Time Line of 1865:The Beginning of the end • The U.S. Congress approves the Thirteenth Amendment to the United States Constitution, to abolish slavery. • President Lincoln meets with Vice President of the Confederacy Alexander Stephens to talk about peace but ends in failure. • The last offensive for Lee's Army of Northern Virginia was with an attack on the center of Grant's forces at Petersburg. • Grants forces capture the Confederate Capital Richmond, Virginia. • Gen. Robert E. Lee surrenders his Confederate Army to Gen. Ulysses S. Grant at the village of Appomattox Court House in Virginia. • John Wilkes Booth shoots Abraham Lincoln in the head.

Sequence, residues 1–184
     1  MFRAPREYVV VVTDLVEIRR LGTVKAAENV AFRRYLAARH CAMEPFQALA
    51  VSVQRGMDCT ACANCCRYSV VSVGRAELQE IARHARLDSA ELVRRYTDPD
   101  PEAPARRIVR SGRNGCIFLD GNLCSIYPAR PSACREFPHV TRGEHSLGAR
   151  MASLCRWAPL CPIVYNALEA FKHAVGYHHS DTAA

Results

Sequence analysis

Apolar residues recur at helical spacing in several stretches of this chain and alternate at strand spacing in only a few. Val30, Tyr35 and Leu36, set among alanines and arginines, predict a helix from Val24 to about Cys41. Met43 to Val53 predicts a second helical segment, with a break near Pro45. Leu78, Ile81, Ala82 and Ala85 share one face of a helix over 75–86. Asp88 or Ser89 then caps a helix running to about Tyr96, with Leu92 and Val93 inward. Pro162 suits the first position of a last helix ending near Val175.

Appomattox: April 9, 1865 • After the Union forces took over Richmond, the Confederates Capital, the Confederates had found themselves trapped in the court house of Appomattox causing them to surrender to Union General Ulysses S. Grant
The Death of a Leader: April 15, 1865 • Originally, John Wilkes Booth had formulated a plan to kidnap Lincoln in exchange for the release of Confederate prisoners. However, on April 11, 1865 Lincoln gave a speech outside the White House giving his support to voting rights to blacks. This infuriated Booth, who was in the attending crowd. His plan to kidnap Lincoln changed to a plan for assassination. President Lincoln was shot and killed while attending a play at Ford’s Theater in Washington, D.C.